"On the legal level and from an Islamic perspective, people have a choice," said Dr. Sayyid M. Syeed, secretary-general of the Indianapolis-based Islamic Society of North America, the largest Muslim organization in the United States. "I don't expect my neighbor to have the same reverence about the Prophet Muhammad.

"All that we are expecting is that they don't insult a personality that's made such a historical contribution. This is more a responsibility of living in a pluralistic society than a question of legal restrictions."

Imam Mohamed Magid, executive director of the All Dulles Area Muslim Society in Northern Virginia, said while he understood Islamic offense at the cartoons, Muslims would be better off protesting defamations against the faith perpetrated by their co-religionists.

"Prophet Muhammad is offended every day when somebody blows themselves up in a marketplace in Iraq. He's offended whenever somebody is beheaded. Prophet Muhammad would have opposed the burning of these embassies, or calls to kill Danes or other people," Magid said. "You can't be untouchable and then call other people infidel."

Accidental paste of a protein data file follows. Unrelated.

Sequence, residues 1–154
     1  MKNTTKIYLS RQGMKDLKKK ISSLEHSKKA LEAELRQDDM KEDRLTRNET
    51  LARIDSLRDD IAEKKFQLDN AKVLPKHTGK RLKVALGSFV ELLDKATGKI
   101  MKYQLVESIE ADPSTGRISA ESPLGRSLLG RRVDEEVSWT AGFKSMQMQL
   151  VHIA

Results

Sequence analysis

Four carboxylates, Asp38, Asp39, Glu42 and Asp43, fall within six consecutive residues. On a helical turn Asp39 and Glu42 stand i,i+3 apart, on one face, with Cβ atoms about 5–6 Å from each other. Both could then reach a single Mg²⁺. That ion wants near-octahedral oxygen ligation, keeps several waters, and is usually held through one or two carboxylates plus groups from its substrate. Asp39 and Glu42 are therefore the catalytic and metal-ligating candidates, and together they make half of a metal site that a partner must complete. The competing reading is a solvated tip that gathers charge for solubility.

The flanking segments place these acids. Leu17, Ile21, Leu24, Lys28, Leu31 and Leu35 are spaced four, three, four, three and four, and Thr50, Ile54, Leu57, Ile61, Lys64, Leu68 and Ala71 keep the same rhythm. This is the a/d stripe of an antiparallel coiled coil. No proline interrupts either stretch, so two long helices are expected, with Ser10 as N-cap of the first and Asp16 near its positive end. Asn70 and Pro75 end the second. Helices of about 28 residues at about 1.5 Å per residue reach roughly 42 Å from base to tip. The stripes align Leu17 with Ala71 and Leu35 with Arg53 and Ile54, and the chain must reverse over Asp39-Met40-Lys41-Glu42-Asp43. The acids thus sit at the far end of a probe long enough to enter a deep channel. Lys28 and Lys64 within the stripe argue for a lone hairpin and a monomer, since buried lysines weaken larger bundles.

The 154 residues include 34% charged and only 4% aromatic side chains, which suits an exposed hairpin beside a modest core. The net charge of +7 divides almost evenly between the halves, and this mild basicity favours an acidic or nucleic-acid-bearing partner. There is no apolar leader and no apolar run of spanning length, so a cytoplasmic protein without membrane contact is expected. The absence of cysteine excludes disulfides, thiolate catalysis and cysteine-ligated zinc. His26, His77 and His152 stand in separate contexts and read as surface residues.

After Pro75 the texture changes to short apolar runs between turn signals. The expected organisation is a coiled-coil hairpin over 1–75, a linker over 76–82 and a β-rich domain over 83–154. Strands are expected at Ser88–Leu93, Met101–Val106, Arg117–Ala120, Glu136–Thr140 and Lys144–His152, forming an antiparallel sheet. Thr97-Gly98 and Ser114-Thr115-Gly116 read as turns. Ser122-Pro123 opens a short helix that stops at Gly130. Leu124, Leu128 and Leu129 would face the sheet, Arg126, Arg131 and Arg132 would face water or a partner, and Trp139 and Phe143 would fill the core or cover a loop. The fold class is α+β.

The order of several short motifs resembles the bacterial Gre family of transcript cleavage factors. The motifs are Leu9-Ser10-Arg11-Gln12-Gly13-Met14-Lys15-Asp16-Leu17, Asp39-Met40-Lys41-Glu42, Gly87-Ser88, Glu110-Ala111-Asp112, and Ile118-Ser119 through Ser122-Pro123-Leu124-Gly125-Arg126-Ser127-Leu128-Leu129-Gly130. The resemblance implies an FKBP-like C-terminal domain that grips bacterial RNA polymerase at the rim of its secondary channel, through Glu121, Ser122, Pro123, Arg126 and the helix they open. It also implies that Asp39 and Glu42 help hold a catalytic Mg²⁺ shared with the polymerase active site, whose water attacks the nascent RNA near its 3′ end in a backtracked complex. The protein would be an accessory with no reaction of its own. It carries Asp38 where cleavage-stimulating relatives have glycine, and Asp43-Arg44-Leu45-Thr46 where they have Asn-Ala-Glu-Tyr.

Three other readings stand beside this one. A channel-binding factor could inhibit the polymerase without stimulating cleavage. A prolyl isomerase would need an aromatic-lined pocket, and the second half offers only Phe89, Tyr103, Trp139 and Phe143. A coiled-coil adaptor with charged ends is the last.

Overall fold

Watching the Muslim indignation at caricatures of the Prophet Muhammad spill over into outbursts of anger and violence, I find myself, an American Muslim woman, wondering:

Which would make the prophet sadder - the libel of his character by Danish non-Muslim cartoonists or the actions of his followers that are so out of keeping with his own example, actions that would seem to prove that the cartoonists' depictions are not so far from truth?

During his life, Prophet Muhammad was revered by many, but there were some who resisted his teachings. He was insulted and cursed, at times physically assaulted, and yet, he did not return insult for insult, attack for attack.

Rather, he asked God to forgive the people who harassed him, much as Jesus asked God to forgive his tormentors.

His example of forbearance is in keeping with the Quran, which advises Muslims, "Keep to forgiveness and enjoin kindness, and turn away from the ignorant" (7:199). Clearly, those Muslims who threatened the cartoonists with murder, and those who set fire to embassies, have betrayed these injunctions and abandoned the prophet's example.

To me, that is a greater insult to the prophet they claim to follow than a few offensive drawings, especially as people who know little of the prophet's true character and history attribute their violence to him.

Furthermore, Islam brooks no compulsion in religion, nor does it demand followers of other religions adhere to its religious sensibilities.